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Betsy VerHage

Unit Plan Part 1

Dec. 1, 2017

Be Seen, Be Heard, Be safe!

Grade level: 1

Subject area: Science

Topic: This unit covers the concept of waves as they relate to both sound and light. Through their study
sound and light waves, students will discover the way they make our lives easier by helping us to solve
everyday problems.

Professional Content Standards:

Science GLCE’s:

1-PS4-1. Plan and conduct investigations to provide evidence that vibrating materials can make sound and
that sound can make materials vibrate.

1-PS4-2. Make observations to construct an evidence-based account that objects can be seen only when

1-PS4-3. Plan and conduct an investigation to determine the effect of placing objects made with different
materials in the path of a beam of light.

1-PS4-4. Use tools and materials to design and build a device that uses light or sound to solve the
problem of communicating over a distance.

Common Core (Integrated):

CCSS.ELA-LITERACY.RL.1.4 Identify words and phrases in stories or poems that suggest

feelings or appeal to the senses.

CCSS.ELA-LITERACY.RI.1.7 Use the illustrations and details in a text to describe its key

CCSS.ELA-LITERACY.W.1.2 Write informative/explanatory texts in which they name a topic,

supply some facts about the topic, and provide some sense of closure.

CCSS.ELA-LITERACY.SL.1.5 Add drawings or other visual displays to descriptions when

appropriate to clarify ideas, thoughts, and feelings.

CCSS.ELA-LITERACY.SL.1.1 Participate in collaborative conversations with diverse partners

about grade 1 topics and texts with peers and adults in small and larger groups.
CCSS.ELA-LITERACY.L.1.1 Demonstrate command of the conventions of standard English
grammar and usage when writing or speaking.

Unit Objectives:

1) Students will be able to describe the key differences between sound waves and light waves.

2) Students will be able to draw pictures of sound waves when given information about their pitch and

3) Students will be able to explain how sound waves work using vibrations.

4) Students will be able to list several different light sources and explain whether they are natural or
artificial sources.

5) Students will be able to explain why shadows and reflections occur.

6) Students will demonstrate their understanding of how to communicate using light and sound by
creating their own device that uses sound or light to communicate.

Concepts to be taught:

1) Before discussing different types of waves such as sound and light, students will need to have a basic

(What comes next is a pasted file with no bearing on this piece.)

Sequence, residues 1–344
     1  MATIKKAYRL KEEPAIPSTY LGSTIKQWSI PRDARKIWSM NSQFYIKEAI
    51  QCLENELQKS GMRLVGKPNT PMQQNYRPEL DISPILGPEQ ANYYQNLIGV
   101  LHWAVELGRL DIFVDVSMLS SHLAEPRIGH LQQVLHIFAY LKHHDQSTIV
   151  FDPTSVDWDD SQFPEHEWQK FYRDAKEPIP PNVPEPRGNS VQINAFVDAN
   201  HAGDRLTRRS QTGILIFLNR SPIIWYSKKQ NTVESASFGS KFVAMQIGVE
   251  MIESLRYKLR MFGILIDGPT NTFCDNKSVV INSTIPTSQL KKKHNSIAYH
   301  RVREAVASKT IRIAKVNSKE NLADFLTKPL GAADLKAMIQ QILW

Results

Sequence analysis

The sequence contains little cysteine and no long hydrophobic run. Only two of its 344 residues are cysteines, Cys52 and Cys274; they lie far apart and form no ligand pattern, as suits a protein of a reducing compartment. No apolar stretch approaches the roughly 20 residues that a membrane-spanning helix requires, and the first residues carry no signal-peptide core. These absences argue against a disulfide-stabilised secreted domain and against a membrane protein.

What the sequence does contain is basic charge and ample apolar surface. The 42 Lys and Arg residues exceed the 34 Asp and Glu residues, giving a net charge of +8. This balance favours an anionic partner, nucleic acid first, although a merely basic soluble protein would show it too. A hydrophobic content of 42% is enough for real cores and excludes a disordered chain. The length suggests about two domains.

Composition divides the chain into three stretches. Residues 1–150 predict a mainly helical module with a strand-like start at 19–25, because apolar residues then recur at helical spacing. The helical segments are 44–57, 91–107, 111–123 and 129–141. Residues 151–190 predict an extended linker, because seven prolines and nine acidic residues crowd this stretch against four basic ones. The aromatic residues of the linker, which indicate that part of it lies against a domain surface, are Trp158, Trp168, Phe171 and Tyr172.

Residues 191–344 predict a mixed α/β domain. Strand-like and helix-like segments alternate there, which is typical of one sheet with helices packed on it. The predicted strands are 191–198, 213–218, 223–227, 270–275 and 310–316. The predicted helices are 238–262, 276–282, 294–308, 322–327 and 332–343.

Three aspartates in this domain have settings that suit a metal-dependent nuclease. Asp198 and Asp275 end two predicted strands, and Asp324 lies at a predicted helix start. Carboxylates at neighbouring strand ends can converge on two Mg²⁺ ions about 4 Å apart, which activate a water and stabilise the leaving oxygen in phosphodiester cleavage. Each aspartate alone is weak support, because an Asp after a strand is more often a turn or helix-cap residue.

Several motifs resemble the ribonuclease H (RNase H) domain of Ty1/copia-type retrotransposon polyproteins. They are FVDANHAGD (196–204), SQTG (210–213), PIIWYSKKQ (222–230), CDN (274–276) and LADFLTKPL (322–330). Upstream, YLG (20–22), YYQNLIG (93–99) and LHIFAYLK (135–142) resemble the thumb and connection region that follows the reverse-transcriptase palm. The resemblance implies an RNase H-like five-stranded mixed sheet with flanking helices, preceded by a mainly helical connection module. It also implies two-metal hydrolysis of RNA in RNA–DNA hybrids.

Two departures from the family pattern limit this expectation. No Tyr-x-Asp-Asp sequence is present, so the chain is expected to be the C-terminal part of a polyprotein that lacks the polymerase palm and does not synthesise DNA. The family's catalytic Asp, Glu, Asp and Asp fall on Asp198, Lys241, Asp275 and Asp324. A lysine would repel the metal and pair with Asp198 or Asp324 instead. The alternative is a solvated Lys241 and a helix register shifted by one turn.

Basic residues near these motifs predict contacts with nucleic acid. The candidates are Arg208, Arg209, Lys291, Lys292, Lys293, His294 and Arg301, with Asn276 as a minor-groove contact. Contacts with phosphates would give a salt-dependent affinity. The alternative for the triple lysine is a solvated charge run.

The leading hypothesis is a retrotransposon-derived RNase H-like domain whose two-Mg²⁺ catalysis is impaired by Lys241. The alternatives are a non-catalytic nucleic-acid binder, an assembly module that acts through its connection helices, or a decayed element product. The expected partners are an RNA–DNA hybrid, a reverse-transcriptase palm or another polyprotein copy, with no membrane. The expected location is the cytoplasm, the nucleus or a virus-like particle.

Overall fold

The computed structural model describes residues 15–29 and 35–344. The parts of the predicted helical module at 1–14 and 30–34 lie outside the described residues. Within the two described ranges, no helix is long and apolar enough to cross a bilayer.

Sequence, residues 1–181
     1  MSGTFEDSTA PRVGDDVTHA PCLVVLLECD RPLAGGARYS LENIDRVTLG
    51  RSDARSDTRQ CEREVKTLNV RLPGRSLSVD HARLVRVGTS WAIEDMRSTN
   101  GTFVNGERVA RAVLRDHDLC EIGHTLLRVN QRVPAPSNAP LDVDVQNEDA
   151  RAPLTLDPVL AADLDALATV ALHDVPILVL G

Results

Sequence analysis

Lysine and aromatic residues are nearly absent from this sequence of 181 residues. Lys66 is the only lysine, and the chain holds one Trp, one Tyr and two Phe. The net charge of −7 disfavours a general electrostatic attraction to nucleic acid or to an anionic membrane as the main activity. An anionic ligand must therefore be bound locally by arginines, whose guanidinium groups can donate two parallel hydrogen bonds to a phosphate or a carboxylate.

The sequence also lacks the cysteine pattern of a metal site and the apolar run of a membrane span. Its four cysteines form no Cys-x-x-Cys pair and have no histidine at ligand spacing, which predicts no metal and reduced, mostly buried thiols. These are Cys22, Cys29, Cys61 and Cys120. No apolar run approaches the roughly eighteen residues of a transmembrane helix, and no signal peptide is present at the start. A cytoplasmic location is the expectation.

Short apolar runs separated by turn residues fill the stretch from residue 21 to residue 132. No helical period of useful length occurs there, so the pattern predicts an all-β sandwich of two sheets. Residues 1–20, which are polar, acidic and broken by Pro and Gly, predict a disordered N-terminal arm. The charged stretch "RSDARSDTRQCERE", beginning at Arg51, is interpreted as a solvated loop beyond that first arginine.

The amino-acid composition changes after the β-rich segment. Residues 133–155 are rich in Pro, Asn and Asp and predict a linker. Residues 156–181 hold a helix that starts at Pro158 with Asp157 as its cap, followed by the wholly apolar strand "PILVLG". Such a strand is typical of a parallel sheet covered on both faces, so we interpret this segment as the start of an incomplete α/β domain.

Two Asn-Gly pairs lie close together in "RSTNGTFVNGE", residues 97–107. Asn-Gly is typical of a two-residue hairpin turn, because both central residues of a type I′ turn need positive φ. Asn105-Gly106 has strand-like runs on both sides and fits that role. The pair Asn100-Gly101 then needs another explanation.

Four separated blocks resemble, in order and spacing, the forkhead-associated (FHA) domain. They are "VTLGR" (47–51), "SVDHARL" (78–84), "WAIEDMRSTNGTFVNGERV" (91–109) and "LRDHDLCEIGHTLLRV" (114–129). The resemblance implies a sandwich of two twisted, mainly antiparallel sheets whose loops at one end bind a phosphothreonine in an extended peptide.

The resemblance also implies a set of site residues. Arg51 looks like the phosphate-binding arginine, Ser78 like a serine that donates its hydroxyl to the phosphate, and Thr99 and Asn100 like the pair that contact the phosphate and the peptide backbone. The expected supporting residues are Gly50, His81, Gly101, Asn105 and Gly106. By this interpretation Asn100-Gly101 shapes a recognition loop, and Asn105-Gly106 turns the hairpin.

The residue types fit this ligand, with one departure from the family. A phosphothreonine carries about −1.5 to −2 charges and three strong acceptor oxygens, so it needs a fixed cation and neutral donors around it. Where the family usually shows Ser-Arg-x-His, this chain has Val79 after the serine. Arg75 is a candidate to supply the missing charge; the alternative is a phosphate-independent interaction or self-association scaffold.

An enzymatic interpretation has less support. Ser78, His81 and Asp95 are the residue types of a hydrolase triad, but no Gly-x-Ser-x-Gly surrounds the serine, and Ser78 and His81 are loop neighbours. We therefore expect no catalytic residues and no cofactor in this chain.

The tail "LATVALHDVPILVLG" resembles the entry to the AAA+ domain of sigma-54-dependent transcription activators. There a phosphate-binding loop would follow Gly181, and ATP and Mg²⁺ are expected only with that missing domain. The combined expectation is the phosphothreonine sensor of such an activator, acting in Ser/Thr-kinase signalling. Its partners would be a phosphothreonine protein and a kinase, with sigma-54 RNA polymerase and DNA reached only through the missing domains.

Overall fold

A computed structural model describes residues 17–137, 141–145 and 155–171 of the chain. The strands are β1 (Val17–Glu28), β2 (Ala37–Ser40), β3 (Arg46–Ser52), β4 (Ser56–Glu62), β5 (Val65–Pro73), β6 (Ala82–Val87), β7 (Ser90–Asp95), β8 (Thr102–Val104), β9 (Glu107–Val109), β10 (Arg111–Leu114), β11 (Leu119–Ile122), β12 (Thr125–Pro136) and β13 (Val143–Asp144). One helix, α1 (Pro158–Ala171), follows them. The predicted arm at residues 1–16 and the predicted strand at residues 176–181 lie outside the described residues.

understanding of what a wave is; a wave is a movement, specifically “a swaying or undulating motion
that spreads and causes other objects or particles to move” (throughout our discussion of waves, we will
discuss how this relates to us talk about various waves we have seen).

2) In order to understand the effect of waves, students must know what a vibration is. Vibration is the
back and forth movement of an object caused by a wave.

3) In order to reach the the objectives in this unit, students must understand how sound waves are created.
Sound waves are created by the vibration or movement of an object, causing the air particles surrounding
it to move and bump into one another.

4) To deepen their understanding of sound waves, students will learn about the relationship between wave
height and volume; the taller a wave becomes, the louder the sound will be.

5) To deepen their understanding of sound waves, students will learn about the relationship between
wavelength and pitch; as wavelength becomes shorter, sound pitch becomes higher.

6) In order to reach the the objectives in this unit, students must understand how light waves are created.
Light waves travel much faster than sound because they do not need to vibrate in order to move. A light
wave passes through (or refracts) whatever is in its path, until it hits an object that it cannot pass through.
Then the light is reflected off the object, allowing us to see it.

7) Reflection is a major concept when teaching about light. Reflection happens when light is “pushed
back” from an object that it hits. Instead of taking and absorbing the light, the object sends this light in a
different direction and it is reflected.
8) In order to understand the concept reflection, students will need to understand what a shadow is and